Effective branding elevates a product or organisation from being just one commodity amongst many identical commodities, to become something with a unique character and promise. It can create an emotional connection in the minds of consumers who choose products and services using both emotional and pragmatic judgements. If a brand results from a set of associations and perceptions in people’s minds, then branding is an attempt to harness, generate, influence and control these associations to help the business perform better. Branding can help you stand out from your competitors, add value to your offer and engage with your customers.

Defining your brand
The big idea – what lies at the heart of your company?
Values – what do you believe in?
Vision – where are you going?
Personality – how do you want to come across?

Branding a business is to tell its story through communication elements such as corporate identity, packaging, stationery, marketing materials.

A common misconception is that a brand is simply a logo or identity. The logo is just one manifestation of a brand, although it’s often a top-level communication, seen most frequently by the greatest number of people.
It should therefore embody the key ingredients of the brand in a distinctive, recognisable marque.
Design is what translates the ideas into communication.


There are four distinct moments in the life of a company when the new knowledge obtained from brand research provides competitive advantage.

New Company. New Brand.
When companies are launched, brand research is conducted to first define the competitive set as it exists in the minds of the target customer and then to understand how to position the new brand in that set.

Existing Company. Brand Elasticity.
When companies want to offer a new product or service, they need to determine whether the customer will allow the brand to travel from the existing products to the new products. For example, when the Caterpillar Corporation wanted to move from heavy road grading equipment to footwear, brand research informed their decision-making. Merging Companies. Brand Architecture. When two companies merge, they develop a business strategy. Similarly, when two brands merge, they need to develop a brand architecture that defines how the two brands will retain their current customers and attract new customers.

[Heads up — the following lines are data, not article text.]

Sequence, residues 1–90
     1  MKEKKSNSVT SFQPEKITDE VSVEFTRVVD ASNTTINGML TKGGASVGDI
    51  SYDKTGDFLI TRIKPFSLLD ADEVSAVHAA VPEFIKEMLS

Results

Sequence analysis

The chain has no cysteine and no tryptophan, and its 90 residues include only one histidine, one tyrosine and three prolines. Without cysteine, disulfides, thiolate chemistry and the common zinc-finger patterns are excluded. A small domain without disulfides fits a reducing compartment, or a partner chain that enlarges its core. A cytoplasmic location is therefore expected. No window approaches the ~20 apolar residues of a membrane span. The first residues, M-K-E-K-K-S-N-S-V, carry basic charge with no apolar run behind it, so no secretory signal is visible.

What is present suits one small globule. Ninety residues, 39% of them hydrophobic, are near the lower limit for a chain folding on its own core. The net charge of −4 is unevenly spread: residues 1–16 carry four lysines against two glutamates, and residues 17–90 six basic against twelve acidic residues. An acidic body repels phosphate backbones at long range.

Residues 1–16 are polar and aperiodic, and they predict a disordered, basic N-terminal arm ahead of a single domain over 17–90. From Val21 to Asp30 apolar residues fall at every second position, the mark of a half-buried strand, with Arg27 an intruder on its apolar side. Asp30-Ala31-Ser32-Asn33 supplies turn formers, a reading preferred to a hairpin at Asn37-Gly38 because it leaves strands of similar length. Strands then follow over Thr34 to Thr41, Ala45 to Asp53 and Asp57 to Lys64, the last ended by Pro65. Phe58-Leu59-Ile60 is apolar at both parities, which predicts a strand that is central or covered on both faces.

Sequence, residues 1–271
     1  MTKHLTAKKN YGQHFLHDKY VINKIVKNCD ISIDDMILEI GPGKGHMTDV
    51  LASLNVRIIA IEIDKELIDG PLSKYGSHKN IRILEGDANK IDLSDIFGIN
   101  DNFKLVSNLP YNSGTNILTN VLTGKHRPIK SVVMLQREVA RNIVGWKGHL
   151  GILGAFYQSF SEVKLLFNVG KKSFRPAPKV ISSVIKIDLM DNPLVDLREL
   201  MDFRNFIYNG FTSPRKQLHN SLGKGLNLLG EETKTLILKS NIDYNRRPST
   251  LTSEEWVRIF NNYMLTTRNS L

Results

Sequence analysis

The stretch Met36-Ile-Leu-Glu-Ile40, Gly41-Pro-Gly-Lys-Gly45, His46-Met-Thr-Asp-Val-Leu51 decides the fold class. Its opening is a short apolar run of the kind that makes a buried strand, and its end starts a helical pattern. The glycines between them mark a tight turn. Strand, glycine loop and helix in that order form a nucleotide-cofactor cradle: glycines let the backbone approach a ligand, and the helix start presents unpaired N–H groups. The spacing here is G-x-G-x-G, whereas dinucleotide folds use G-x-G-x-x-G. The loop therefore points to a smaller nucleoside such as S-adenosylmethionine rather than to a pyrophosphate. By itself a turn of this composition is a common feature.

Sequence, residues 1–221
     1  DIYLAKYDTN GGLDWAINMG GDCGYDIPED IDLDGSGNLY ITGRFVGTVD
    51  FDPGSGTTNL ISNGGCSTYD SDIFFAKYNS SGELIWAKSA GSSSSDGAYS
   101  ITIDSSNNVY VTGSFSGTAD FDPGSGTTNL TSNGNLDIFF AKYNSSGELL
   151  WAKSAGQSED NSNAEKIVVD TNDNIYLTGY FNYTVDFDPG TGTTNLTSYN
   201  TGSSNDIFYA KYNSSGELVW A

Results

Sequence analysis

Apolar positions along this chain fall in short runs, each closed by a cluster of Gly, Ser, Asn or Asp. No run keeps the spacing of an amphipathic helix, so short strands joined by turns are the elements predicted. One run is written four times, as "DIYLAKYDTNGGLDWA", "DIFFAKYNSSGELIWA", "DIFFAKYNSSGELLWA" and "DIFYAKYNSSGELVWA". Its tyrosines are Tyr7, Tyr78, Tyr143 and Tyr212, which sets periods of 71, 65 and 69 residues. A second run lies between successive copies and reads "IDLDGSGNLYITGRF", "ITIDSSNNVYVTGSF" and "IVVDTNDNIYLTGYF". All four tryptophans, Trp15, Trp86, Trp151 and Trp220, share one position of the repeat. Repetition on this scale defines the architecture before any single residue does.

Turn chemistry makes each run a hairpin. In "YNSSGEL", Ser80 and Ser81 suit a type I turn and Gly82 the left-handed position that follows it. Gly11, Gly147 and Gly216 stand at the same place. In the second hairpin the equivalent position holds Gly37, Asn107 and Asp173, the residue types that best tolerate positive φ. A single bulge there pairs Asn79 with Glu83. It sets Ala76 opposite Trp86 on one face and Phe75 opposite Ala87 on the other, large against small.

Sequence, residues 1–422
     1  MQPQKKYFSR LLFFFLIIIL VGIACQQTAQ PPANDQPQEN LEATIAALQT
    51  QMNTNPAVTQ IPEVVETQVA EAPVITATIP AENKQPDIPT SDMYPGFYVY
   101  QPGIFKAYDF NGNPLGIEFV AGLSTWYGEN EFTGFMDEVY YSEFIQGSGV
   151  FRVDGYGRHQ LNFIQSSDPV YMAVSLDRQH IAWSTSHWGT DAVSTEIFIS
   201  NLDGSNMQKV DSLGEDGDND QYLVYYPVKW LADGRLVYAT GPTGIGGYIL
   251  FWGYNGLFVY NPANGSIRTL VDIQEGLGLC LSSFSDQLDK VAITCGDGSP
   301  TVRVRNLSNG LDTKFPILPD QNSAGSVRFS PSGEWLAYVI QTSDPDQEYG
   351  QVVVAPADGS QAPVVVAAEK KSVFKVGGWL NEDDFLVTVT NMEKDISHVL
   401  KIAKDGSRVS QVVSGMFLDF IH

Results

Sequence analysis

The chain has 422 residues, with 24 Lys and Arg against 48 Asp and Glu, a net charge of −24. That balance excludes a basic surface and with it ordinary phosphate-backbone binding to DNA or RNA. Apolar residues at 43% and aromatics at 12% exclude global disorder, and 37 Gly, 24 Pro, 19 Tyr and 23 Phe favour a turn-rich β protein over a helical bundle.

Managing Companies. Managing Brands.
As companies mature, they seek business consultants to provide expertise in areas ranging from pricing strategies, to developing supply chains, to defining organisational structures. When companies seek to maintain the health and welfare of their brands, they should engage brand strategists to: develop brand-marketing plans that identify and measure customer choice; create new tag lines and logos; inform the development of standard guides that ensure universal expression of the brand; conduct "brand coaching" with both executives (so that they become the stewards of their brand) and customer-facing employees (so that they become managers of their brand).

Revitalizing Companies. Rejuvenating Brands.
As markets change and customer needs evolve, companies often lose their most profitable customers to new competitors. As their offerings become commodities, their brands become diluted. In essence, both their business and their brands have lost their meaning and relevance to their target customers. Brand strategists can identify the remaining equity in the diminished brand. Next, they can define the new brand promise. Finally, they can reposition the brand to its target customers.


Packaging on a supermarket shelf has less than three seconds to grab the attention of a consumer. Those three seconds are exceedingly important when you consider that more than 70% of purchasing decisions are made at the shelf.
Packaging graphics must do more than simply look pretty. They must work to cut through the white noise that is the crowded supermarket shelf, and attract a potential buyer. Once they attract a buyer's attention, packs don't stop working. Designers have to make sure they convey information, about how much they and their contents cost to buy, the ingredients they contain, and whether or not they can be recycled.

Packaging can serve as direct marketing that is related to advertising on television or in magazines. Consumers are alerted to the product through the media and then recognise it in the store through its packaging.

Packaging is an ideal site for advertising, because it is physically connected to a product and is taken into the consumer's home.

Building a story into the packaging of a product is becoming increasingly popular way to convey provenance and brand essence. Doing so allows consumers to connect with the product on an emotional level.


Our strategic design process that deliver successful brand solutions:

· Review - Knowing your brand – Research & category insights - What is your story

· Create - Bringing your story to life - Brand & Packaging creation

· Share - Apply to all touch-points - Effective and original solutions to work across any media

We provide a personal, hands-on service. Guiding you through the process of getting the best out of your product or ideas. We believe in creating a lasting relationship between client and creative, nurturing the brand that will grow and develop continuously.

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